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ORIGINAL RESEARCH article

Front. Sustain. Food Syst., 20 July 2023
Sec. Climate-Smart Food Systems
Volume 7 - 2023 | https://doi.org/10.3389/fsufs.2023.1045734

Carbon stocks and potential sequestration of Uruguayan soils: a road map to a comprehensive characterization of temporal and spatial changes to assess carbon footprint

Pablo Baldassini1,2,3* Walter Baethgen4 Gonzalo Camba Sans2,3 Andres Quincke1 Virginia M. Pravia5 José Terra5 Ignacio Macedo5 Gervasio Piñeiro3,6,7 José Paruelo1,2,3,8
  • 1Instituto Nacional de Investigación Agropecuaria, INIA La Estanzuela, Colonia, Uruguay
  • 2Departamento de Métodos Cuantitativos y Sistemas de Información, Facultad de Agronomía, Universidad de Buenos Aires, Buenos Aires, Argentina
  • 3LART-IFEVA, Universidad de Buenos Aires, CONICET, Buenos Aires, Argentina
  • 4International Research Institute for Climate and Society (IRI), Columbia University, Palisades, NY, United States
  • 5Instituto Nacional de Investigación Agropecuaria, INIA Treinta y Tres, Treinta y Tres, Uruguay
  • 6Cátedra de Ecología, Facultad de Agronomía, Universidad de Buenos Aires, Buenos Aires, Argentina
  • 7Departamento de Sistemas Ambientales, Facultad de Agronomía, Universidad de la República, Montevideo, Uruguay
  • 8IECA, Facultad de Ciencias, UdelaR, Montevideo, Uruguay

Carbon net emission is a critical aspect of the environmental footprint in agricultural systems. However, the alternatives to describe soil organic carbon (SOC) changes associated with different agricultural management practices/land uses are limited. Here we provide an overview of carbon (C) stocks of non-forested areas of Uruguay to estimate SOC changes for different soil units affected by accumulated effects of crop and livestock production systems in the last decades. For this, we defined levels based on SOC losses relative to the original (reference) SOC stocks: 25% or less, between 25% and 50%, and 50% or more. We characterized the reference SOC stocks using three approaches: (1) an equation to derive the potential SOC capacity based on the clay and fine silt soil content, (2) the DayCent model to estimate the SOC stocks based on climate, soil texture and C inputs from the natural grasslands of the area, (3) an estimate of SOC using a proxy derived from remote sensing data (i.e., the Ecosystem Services Supply Index) that accounts for differences in C inputs. Depending on the used reference SOC, the soil units had different distributions of SOC losses within the zones defined by the thresholds. As expected, the magnitude of SOC changes observed for the different soil units was related to the relative frequency of annual crops, however, the high variability observed along the gradient of land uses suggests a wide space for increasing SOC with agricultural management practices. The assessment of the C stock preserved (CSP) belowground and the potential for increasing C accumulation or sequestration (CAP) are critical components of the C footprint of a given system. Thus, we propose a methodological road map to derive indicators of CSP and CAP at the farm level combining both, biogeochemical simulation models and conceptual models based on remote sensing data. We recognize at least three critical issues that require scientific and political consensus to implement the use of this propose: (1) how to define reference C stocks, (2) how to estimate current C stocks over large areas and in heterogeneous agricultural landscapes, and (3) what is a reasonable/acceptable threshold of C stocks reduction.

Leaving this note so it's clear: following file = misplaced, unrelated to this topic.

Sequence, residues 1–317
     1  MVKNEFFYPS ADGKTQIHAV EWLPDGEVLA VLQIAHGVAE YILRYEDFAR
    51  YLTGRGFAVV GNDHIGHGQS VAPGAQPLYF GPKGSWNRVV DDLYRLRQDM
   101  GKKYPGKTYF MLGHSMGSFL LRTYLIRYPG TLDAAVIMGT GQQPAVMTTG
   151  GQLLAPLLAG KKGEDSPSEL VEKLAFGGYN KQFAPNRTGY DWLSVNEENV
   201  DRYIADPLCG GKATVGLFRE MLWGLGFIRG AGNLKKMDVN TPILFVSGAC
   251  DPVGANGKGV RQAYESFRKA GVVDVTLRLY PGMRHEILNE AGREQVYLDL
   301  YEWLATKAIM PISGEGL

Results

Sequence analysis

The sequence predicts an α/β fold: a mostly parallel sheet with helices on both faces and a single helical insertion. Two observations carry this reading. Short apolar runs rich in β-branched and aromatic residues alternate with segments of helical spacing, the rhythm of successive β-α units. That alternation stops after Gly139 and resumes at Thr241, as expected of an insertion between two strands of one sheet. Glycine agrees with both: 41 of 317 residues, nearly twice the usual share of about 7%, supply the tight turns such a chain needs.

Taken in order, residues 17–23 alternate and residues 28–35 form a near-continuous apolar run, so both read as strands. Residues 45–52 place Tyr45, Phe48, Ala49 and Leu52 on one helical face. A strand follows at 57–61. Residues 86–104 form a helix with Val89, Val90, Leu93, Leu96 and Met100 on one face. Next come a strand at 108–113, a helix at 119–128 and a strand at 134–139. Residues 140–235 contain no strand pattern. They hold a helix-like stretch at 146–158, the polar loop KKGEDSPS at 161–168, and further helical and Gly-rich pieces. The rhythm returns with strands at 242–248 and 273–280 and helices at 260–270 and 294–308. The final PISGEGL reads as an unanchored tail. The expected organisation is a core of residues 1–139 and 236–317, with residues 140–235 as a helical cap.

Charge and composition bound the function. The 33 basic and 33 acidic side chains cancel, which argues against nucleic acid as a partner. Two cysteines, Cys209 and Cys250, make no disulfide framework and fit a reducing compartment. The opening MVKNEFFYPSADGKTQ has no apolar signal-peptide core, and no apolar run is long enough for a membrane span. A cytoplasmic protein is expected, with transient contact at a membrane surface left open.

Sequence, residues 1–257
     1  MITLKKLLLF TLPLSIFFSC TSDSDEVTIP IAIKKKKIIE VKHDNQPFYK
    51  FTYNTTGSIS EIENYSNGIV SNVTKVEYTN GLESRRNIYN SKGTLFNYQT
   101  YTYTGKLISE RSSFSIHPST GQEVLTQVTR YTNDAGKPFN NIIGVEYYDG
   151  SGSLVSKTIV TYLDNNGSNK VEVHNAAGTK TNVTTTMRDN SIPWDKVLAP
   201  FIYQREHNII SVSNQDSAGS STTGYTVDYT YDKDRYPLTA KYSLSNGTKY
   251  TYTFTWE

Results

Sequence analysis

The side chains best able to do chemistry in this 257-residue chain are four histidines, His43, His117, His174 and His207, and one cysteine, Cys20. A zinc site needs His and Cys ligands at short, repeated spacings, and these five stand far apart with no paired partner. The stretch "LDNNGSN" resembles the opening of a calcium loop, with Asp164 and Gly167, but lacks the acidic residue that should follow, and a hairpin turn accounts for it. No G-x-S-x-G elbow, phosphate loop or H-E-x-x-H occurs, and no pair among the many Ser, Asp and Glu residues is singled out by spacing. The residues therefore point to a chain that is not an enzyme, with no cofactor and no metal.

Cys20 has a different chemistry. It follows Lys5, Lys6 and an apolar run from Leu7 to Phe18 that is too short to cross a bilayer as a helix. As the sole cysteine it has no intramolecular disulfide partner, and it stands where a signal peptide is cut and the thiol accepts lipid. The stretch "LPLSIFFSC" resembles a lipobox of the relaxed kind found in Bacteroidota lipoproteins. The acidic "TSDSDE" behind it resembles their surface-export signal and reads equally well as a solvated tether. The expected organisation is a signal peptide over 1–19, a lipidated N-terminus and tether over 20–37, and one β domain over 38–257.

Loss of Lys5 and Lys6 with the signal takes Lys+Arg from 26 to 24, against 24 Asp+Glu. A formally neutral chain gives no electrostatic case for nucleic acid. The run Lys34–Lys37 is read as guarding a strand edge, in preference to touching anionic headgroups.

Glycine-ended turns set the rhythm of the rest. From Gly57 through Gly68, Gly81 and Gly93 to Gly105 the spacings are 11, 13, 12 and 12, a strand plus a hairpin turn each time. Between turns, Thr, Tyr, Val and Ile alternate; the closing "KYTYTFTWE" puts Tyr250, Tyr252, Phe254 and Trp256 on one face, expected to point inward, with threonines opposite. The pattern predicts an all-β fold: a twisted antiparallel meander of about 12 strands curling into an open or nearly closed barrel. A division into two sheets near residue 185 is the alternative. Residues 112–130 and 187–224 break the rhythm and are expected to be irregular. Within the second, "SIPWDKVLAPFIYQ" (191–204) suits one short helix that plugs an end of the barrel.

1. Introduction

The identification of greenhouse gas (GHG) emission sources in agriculture, carbon sequestration spots and the quantification of the net contribution of GHG to climate change are at the center of the debate (Smith, 2012). Agricultural practices can have a large impact on the magnitude and sign of net GHG emissions and therefore, agricultural production has often been vilified based on its C footprint, particularly due to enteric methane emissions from livestock (Friedlingstein et al., 2019; Clark et al., 2020) or C stock reductions in the biota and soils due to deforestation or management practices (Villarino et al., 2017; Smith et al., 2020). Carbon net emission is undoubtedly a critical aspect of agricultural production, but a comprehensive characterization of the environmental footprint of agriculture [i.e., the changes associated with land use and management practices that occur during the primary production process, which represent between 70% and 90% of the environmental impacts (Notarnicola et al., 2017)] must include other dimensions such as habitat and biodiversity preservation, and the supply and regulation of ecosystem services.

Regarding the C dimension of the environmental footprint, our ability to quantify the different fluxes involved is variable. For instance, there are simple alternatives to estimate methane emissions [FAO (Organización de las Naciones Unidas para la Alimentación y la Agricultura), 2014, 2016], the amount of C released by deforestation and land use changes (Houghton et al., 2000), or the C sequestration derived from forest restoration or afforestation (Bastin et al., 2019). However, assessments of changes at large scale in soil organic carbon (SOC) stocks associated with different agricultural management practices/land uses are very limited. Berhongaray and Alvarez (2013) and Villarino et al. (2014) showed that simple alternatives to estimate SOC net emissions such as those proposed by the IPCC (2006) (i.e., Tier 1 and 2) do not perform well when compared against observed data in the Argentine Pampas.